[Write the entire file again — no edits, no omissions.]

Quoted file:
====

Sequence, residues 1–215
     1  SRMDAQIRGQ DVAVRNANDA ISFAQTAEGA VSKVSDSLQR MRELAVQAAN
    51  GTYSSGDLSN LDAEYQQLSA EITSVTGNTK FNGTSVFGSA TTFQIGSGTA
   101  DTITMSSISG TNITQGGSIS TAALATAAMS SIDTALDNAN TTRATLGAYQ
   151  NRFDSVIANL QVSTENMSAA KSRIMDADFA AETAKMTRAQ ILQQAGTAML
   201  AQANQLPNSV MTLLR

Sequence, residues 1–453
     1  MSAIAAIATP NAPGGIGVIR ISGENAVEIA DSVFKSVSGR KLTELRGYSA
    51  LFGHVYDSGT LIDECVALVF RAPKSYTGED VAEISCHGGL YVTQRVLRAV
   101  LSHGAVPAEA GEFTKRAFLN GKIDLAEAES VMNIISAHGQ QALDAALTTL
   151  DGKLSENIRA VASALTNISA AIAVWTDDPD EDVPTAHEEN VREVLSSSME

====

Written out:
Sequence, residues 1–215
     1  SRMDAQIRGQ DVAVRNANDA ISFAQTAEGA VSKVSDSLQR MRELAVQAAN
    51  GTYSSGDLSN LDAEYQQLSA EITSVTGNTK FNGTSVFGSA TTFQIGSGTA
   101  DTITMSSISG TNITQGGSIS TAALATAAMS SIDTALDNAN TTRATLGAYQ
   151  NRFDSVIANL QVSTENMSAA KSRIMDADFA AETAKMTRAQ ILQQAGTAML
   201  AQANQLPNSV MTLLR

Sequence, residues 1–453
     1  MSAIAAIATP NAPGGIGVIR ISGENAVEIA DSVFKSVSGR KLTELRGYSA
    51  LFGHVYDSGT LIDECVALVF RAPKSYTGED VAEISCHGGL YVTQRVLRAV
   101  LSHGAVPAEA GEFTKRAFLN GKIDLAEAES VMNIISAHGQ QALDAALTTL
   151  DGKLSENIRA VASALTNISA AIAVWTDDPD EDVPTAHEEN VREVLSSSME